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Dr. Kevin Hinchey Recognized for Outstanding Teaching by Tufts University School of Medicine

September 10, 2009

Dr. Kevin Hinchey, program director of the Internal Medicine Residency Program at Baystate Medical Center, has been awarded the 2009 Zucker Clinical Teaching Prize for Outstanding Innovation in Clinical Teaching.


Dr. Hinchey was presented the award, along with a cash prize of $2,500, at the recent Tufts University School of Medicine General Faculty Meeting.


The Zucker Clinical Teaching Prize for Outstanding Innovation in Clinical Teaching is one of two Zucker teaching prizes given out annually, including one for outstanding accomplishment. The awards are given each year to promote and honor excellence in clinical teaching and to recognize and reward faculty for outstanding innovation, accomplishment, and the ability to motivate students.


Beginning in 1992 as assistant program director before assuming the director position in 2000, Dr. Hinchey has invested much time and energy into making Baystate’s Internal Medicine Residency Program the best it can be—and clearly, his efforts have not gone unnoticed. Dr. David L. Longworth, chairman, Department of Medicine, Baystate Medical Center, and deputy-chair of Medicine at Tufts University, nominated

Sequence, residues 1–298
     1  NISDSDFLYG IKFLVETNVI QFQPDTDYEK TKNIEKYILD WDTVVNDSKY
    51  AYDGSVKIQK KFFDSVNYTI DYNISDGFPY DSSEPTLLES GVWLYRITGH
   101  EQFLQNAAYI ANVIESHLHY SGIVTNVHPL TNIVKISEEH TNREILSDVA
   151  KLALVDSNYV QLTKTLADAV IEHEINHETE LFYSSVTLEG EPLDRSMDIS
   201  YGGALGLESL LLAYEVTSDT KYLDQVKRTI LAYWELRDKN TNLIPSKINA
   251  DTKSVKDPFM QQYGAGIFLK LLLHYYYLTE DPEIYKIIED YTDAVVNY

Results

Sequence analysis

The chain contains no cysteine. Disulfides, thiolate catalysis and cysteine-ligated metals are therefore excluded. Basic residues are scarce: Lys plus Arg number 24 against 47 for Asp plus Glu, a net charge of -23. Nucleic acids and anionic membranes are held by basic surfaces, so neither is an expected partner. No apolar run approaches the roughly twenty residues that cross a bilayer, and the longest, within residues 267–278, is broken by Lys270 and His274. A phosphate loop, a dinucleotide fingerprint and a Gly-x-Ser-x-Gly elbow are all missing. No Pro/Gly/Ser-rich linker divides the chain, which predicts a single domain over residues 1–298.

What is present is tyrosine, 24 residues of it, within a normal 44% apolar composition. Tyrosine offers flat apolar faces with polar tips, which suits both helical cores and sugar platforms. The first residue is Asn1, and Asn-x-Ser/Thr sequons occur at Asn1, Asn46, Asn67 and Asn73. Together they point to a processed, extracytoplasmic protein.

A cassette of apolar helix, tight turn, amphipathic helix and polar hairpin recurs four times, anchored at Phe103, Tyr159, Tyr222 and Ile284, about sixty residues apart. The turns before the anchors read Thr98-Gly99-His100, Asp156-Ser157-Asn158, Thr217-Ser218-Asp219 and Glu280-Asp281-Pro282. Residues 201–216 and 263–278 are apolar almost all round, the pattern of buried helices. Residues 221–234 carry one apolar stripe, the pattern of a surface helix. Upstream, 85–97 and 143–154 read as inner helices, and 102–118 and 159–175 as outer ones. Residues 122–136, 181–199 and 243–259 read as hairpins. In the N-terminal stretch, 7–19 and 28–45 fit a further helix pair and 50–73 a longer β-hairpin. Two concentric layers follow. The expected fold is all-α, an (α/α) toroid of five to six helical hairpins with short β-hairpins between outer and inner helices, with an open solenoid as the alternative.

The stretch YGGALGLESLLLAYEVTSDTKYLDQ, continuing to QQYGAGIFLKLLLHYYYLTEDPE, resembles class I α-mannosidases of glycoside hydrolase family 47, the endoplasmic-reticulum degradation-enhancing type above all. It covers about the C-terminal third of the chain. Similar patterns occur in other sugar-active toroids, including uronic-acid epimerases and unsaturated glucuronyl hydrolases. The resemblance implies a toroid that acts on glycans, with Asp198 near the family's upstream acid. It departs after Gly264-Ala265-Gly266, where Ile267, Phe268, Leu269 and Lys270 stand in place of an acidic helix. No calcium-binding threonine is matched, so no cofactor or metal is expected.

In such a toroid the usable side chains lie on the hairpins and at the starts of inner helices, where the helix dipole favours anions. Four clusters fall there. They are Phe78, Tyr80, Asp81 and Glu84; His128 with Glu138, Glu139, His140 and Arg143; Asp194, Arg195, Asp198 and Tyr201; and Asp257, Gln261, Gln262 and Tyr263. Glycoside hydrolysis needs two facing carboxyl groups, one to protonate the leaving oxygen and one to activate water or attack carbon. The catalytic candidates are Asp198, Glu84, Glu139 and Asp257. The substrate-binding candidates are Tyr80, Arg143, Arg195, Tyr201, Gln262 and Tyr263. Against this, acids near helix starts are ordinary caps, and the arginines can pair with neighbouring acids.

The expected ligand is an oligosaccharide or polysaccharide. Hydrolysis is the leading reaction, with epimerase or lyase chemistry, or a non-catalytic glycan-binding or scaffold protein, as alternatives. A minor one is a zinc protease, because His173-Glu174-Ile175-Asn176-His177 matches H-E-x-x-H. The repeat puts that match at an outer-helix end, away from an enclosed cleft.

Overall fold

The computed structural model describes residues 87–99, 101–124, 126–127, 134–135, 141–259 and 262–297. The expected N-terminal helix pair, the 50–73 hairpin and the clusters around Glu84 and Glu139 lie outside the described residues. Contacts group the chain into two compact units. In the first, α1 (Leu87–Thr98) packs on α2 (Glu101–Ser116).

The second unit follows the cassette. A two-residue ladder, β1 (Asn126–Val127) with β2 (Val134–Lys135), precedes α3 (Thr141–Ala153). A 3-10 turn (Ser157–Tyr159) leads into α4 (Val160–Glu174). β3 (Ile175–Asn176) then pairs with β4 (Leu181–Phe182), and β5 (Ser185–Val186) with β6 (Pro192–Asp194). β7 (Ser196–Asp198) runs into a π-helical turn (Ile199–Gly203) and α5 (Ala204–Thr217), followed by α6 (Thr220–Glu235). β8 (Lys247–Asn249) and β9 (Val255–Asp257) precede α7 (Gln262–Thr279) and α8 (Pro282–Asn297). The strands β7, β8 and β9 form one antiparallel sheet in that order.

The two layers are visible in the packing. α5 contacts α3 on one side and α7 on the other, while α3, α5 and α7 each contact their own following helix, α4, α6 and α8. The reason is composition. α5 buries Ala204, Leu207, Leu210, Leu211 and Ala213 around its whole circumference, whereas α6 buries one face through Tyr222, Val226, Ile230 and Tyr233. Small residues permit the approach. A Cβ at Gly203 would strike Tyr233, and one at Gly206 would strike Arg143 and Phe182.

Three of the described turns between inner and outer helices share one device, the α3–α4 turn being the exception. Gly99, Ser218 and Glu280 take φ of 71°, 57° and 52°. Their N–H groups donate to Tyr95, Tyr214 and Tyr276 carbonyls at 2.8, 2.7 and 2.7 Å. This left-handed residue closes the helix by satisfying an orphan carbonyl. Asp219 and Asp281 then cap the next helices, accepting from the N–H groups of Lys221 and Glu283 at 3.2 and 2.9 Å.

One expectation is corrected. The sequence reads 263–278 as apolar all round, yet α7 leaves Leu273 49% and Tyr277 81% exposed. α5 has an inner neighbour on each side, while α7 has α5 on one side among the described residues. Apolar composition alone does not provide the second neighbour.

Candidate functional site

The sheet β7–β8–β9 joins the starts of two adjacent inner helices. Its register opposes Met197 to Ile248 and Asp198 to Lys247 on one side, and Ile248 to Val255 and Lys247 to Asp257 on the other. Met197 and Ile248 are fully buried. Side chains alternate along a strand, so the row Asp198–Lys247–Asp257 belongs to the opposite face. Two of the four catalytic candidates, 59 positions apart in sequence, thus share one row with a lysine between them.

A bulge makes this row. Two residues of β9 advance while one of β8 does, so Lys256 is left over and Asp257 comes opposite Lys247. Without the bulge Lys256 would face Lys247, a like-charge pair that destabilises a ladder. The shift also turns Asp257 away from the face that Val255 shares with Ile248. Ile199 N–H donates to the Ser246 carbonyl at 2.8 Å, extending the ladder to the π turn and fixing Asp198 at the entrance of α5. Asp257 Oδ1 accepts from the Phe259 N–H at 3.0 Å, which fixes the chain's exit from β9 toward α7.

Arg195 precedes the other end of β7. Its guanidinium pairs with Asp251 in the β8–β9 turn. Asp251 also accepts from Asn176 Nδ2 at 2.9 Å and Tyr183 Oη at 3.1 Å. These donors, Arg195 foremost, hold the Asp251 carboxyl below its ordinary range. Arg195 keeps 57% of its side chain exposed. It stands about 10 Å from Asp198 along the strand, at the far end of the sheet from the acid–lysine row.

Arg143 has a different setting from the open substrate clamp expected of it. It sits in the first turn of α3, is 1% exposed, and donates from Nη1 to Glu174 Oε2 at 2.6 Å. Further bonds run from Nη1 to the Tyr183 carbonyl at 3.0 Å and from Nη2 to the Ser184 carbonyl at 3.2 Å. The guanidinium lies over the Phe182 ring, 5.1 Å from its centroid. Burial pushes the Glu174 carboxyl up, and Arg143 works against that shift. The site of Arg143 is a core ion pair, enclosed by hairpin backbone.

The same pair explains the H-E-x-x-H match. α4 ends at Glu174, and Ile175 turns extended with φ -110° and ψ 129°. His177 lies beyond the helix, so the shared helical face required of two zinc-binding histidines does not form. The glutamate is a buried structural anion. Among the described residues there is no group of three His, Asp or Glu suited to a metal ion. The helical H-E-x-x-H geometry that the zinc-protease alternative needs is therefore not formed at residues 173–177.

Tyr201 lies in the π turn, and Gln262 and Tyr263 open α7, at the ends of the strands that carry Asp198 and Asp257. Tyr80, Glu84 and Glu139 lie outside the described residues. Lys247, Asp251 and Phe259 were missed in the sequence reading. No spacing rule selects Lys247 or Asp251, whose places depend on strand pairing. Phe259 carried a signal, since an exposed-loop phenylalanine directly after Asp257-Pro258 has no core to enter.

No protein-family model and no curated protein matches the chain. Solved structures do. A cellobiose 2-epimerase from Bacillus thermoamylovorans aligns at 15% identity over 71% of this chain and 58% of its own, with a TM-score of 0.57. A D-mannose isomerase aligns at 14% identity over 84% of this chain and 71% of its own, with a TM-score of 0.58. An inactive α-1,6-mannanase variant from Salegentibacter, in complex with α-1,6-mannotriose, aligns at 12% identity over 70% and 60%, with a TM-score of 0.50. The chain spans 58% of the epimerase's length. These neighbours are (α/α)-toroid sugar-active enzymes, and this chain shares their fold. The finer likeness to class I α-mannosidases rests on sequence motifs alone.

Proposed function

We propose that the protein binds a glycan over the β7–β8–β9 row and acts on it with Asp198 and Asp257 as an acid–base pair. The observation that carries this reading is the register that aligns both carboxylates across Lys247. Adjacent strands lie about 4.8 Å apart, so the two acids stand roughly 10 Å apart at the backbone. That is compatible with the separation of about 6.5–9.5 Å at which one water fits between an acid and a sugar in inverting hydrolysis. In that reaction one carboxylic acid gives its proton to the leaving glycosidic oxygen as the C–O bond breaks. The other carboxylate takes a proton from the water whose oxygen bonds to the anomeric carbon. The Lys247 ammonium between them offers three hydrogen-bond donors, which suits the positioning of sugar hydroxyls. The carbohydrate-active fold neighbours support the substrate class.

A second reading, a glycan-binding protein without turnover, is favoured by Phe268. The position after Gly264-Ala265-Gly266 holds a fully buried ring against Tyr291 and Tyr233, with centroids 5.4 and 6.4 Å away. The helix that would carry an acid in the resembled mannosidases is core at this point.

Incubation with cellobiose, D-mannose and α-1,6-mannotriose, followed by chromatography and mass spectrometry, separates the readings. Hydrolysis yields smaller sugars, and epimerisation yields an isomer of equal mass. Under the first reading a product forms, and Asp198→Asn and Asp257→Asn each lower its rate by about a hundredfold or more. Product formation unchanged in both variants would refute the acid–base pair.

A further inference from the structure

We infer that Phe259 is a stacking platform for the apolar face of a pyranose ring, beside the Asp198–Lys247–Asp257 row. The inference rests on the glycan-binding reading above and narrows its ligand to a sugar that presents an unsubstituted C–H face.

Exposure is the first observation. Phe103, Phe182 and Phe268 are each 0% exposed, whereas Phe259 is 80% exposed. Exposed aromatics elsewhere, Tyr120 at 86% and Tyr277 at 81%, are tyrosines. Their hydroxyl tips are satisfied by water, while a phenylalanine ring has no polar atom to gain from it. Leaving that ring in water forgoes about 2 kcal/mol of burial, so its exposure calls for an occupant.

Dr. Hinchey. His letter was then reviewed among others by the Zucker Clinical Teaching Prize Selection Committee at Tufts, before Dr. Hinchey was selected for the exemplary dedication and creativity he has brought to his teaching of internal medicine.


“It’s always an honor to be recognized by your peers for what you do,” said Dr. Hinchey. “But receiving the honor is as much a reflection of me, as it is the team I work with and the medical center I work in. It’s really a nice recognition of what we’ve accomplished at Baystate in innovations in medical education,” he added.


Baystate Medical Center, the region’s only academic medical center, serves as the Western Campus of Tufts University School of Medicine. In all, 309 residents and fellows are in training at Baystate Medical Center. The residents spend an average of three to five years of their lives, some as long as ten years, training to become primary care physicians or pediatricians, as well as preparing for specialties in such areas as anesthesiology, emergency medicine, obstetrics and gynecology, general surgery and others.         


Dr. Hinchey resides in East Longmeadow.